Searching over 5,500,000 cases.


searching
Buy This Entire Record For $7.95

Download the entire decision to receive the complete text, official citation,
docket number, dissents and concurrences, and footnotes for this case.

Learn more about what you receive with purchase of this case.

Brooks v. Arrington

United States District Court, N.D. Alabama, Southern Division

November 10, 2014

CRAIG ADOLPH BROOKS, Plaintiff,
v.
SHERIFF LLOYD ARRINGTON, et al., Defendants

Craig Adolph Brooks, Plaintiff, Pro se, Oneonata, AL.

MAGISTRATE JUDGE'S REPORT AND RECOMMENDATION

T. MICHAEL PUTNAM, UNITED STATES MAGISTRATE JUDGE.

Craig Adolph Brooks, hereinafter referred to as " the plaintiff, " has filed a pro se complaint pursuant to 42 U.S.C. § 1983 alleging that rights, privileges, or immunities afforded him under the Constitution or laws of the United States have been abridged during his incarceration at Blount County Correctional Facility in Oneonta, Alabama. The plaintiff names as defendants Blount County Sheriff Lloyd Arrington, Captain Ronald Kent, Officer Donna Kent, Officer Juanita Watts, and the Blount County Sheriff's Office and Correctional Facility. The plaintiff seeks monetary and injunctive relief. In accordance with the usual practices of this court and 28 U.S.C. § 636(b)(1), the amended complaint was referred to the undersigned magistrate judge for a preliminary report and recommendation. See McCarthy v. Bronson, 500 U.S. 136, 111 S.Ct. 1737, 114 L.Ed.2d 194 (1991).

I. Standard of Review

The Prison Litigation Reform Act of 1995, Pub. L. No. 104-134, § 804, 110 Stat. 1321, and 28 U.S.C. § 1915A, requires this court to screen complaints filed by prisoners against officers or employees of governmental entities and to dismiss the complaint or any portion of the complaint that it finds frivolous, malicious, fails to state a claim upon which relief can be granted, or seeks monetary relief from a defendant who is immune from such relief. Where practicable, the court may sua sponte dismiss a prisoner's complaint prior to service. See 28 U.S.C. § 1915A(a).

A dismissal pursuant to § 1915A (b)(1) for failure to state a claim is governed by the same standards as dismissals for failure to state a claim under Fed.R.Civ.P. 12(b)(6). See Jones v. Bock, 549 U.S. 199, 215, 127 S.Ct. 910, 166 L.Ed.2d 798 (2007). To survive dismissal for failure to state a claim, " a complaint must contain sufficient factual matter, accepted as true, to state a claim to relief that is plausible on its face." Ashcroft v. Iqbal, 556 U.S. 662, 678, 129 S.Ct. 1937, 173 L.Ed.2d 868 (2009) (internal quotation omitted). A plaintiff must assert " more than labels and conclusions, and a formulaic recitation of the elements of a cause of action will not" suffice. Bell A. Corp. v. Twombly, 550 U.S. 544, 555, 127 S.Ct. 1955, 167 L.Ed.2d 929 (2007). Because " [p]ro se pleadings are held to a less stringent standard than pleadings drafted by attorneys[, ]" they are liberally construed. Boxer X v. Harris, 437 F.3d 1107, 1110 (11th Cir. 2006).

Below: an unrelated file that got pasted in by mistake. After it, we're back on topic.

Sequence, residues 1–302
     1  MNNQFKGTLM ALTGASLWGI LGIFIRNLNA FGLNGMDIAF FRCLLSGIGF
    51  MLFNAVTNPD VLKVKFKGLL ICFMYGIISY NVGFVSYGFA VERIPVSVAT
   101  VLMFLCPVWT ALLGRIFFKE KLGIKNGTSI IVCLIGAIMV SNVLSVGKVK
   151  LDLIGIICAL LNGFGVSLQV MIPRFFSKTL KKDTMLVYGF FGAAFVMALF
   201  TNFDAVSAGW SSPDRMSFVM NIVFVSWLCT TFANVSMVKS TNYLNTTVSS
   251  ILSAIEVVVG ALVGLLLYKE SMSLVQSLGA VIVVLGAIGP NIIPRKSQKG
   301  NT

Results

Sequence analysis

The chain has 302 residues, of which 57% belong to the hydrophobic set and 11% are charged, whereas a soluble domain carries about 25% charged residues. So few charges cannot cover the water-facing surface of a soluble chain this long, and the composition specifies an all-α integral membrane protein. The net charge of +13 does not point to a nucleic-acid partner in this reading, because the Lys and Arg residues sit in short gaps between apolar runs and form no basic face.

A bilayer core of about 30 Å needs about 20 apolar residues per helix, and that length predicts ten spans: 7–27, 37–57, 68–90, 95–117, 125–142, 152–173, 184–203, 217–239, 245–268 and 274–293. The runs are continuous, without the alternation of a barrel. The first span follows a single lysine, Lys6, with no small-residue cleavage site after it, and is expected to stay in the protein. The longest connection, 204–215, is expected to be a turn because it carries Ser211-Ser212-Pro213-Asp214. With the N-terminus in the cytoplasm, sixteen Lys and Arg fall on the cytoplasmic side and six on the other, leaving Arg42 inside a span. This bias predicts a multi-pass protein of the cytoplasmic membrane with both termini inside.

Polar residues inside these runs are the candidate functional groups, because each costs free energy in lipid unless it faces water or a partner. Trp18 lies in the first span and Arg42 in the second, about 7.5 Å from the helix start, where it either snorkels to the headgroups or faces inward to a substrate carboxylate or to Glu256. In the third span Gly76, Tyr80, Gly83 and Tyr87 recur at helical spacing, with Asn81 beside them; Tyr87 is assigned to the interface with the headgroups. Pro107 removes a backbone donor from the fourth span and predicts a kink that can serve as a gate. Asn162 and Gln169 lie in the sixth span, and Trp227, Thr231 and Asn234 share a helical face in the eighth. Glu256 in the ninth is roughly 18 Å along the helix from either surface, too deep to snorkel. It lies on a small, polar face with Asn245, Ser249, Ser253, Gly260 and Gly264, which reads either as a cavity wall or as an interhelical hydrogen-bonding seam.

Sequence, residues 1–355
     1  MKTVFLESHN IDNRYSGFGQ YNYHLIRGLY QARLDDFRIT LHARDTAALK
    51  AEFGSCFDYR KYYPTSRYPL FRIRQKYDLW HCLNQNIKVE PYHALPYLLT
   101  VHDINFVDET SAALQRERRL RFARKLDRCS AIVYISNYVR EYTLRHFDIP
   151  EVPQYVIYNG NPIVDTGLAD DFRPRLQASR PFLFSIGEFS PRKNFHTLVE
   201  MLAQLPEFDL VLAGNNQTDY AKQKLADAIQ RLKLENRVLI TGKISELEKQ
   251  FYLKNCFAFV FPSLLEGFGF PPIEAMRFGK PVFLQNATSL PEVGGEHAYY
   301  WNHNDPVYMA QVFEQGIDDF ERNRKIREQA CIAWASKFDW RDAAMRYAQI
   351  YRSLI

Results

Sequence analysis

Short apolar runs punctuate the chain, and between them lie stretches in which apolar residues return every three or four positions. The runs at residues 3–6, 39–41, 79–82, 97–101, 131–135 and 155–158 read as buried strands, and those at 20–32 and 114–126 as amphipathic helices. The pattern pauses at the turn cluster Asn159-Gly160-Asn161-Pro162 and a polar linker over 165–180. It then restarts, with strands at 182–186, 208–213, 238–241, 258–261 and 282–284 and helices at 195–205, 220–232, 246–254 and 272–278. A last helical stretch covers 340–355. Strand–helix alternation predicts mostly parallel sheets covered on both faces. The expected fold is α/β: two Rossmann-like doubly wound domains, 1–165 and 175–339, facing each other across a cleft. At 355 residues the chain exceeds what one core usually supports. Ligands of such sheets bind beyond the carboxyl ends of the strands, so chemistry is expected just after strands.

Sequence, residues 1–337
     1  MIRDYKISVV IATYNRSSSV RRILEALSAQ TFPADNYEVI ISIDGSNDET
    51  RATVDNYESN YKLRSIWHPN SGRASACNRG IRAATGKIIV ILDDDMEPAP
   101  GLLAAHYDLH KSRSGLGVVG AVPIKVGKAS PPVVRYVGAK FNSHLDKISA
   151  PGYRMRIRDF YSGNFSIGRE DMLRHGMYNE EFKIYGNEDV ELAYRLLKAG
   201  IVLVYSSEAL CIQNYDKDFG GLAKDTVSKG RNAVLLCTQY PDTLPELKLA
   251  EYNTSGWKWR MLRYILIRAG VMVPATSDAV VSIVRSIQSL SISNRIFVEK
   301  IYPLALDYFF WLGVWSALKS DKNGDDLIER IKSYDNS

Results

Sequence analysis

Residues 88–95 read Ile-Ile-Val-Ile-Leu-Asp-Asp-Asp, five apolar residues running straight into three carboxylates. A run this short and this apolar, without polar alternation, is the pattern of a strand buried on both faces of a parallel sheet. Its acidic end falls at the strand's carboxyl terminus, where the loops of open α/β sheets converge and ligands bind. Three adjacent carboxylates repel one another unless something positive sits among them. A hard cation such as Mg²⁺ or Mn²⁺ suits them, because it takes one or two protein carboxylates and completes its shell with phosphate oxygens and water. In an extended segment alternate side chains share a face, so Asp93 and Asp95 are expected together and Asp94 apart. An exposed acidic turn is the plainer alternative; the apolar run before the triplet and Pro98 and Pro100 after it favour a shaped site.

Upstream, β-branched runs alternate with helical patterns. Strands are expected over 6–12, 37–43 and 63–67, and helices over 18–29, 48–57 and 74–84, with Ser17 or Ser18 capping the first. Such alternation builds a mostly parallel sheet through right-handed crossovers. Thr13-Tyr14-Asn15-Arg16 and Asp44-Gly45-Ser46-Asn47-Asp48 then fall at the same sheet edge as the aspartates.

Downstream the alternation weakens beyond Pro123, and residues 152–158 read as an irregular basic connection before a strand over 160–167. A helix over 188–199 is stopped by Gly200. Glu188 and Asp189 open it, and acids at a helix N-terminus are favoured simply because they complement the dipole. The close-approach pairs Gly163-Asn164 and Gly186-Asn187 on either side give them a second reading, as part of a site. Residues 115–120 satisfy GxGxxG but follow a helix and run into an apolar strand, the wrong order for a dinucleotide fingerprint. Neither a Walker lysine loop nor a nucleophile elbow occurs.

II. Factual Allegations

The plaintiff alleges that chlorine bleach and alkaline detergents are used together to clean housing units in the Blount County Correctional Facility. (Doc. 1 at 3). Inmates are allowed to use these chemicals freely and the chemical closet is open at all times to inmate trustees. (Id.). A dispenser system is in use and material safety data sheets (" MSDS") cover chemicals in the dispenser. (Id.). However, there are no MSDS sheets in the closet to cover the chlorine bleach. (Id. at 4).

The kitchen crew and trustees also have access to similar chemicals, but there are no MSDS sheets or equipment such as gloves, protective eyewear, or breathing masks available for using these chemicals. (Doc. 1 at 4-5). The plaintiff also complains that there is no emergency medical kit available. (Id. at 5). Officer Watts is on duty five days a week, but trustees have full control of these areas from 2:00 a.m. until 8:30 p.m. (Id.).

On December 14, 2013, the plaintiff submitted a medical request form in which he complained of being allergic to " [poisonous] chemicals such as high [alkaline degreasers] and chlorine gasses released by mixing of chemicals." (Doc. 1 at 7). The plaintiff alleged that he was " coughing up blood" and experiencing nosebleeds. (Id.). The plaintiff stated in the medical request form that he had asked Officer Watts for a mask two days earlier, on December 12, 2013, but she responded that she did not have any and the plaintiff should use the chemicals as best he could. (Id.). Also on December 14, 2013, the plaintiff submitted an inmate request form in which he complained that Officer Watts failed to provide him with a breathing mask to handle chemicals in the kitchen on December 12, 2013. (Doc. 1 at 8). He stated that was not being provided proper safety equipment for handling " dangerous chemicals." (Id.).

On December 16, 2014, Sergeant Greene placed the plaintiff in a lock down unit. (Doc. 1 at 6). Sergeant Greene advised the plaintiff that he was not being placed in the lock down unit as punishment but to keep him from being exposed to hazardous chemicals. (Id.). The plaintiff complains that jail officials attempted to solve the matter by placing him in lock down instead of " taking appropriate steps and providing proper safety equipment and eliminating chlorine bleach . . . in units unless properly [supervised] . . . ." (Id.).

For relief, the plaintiff requests six million dollars, that an " environmental and safety program" be put in place at the Blount County Correctional Facility, and that officers be prosecuted for " unlawful distribution of ...


Buy This Entire Record For $7.95

Download the entire decision to receive the complete text, official citation,
docket number, dissents and concurrences, and footnotes for this case.

Learn more about what you receive with purchase of this case.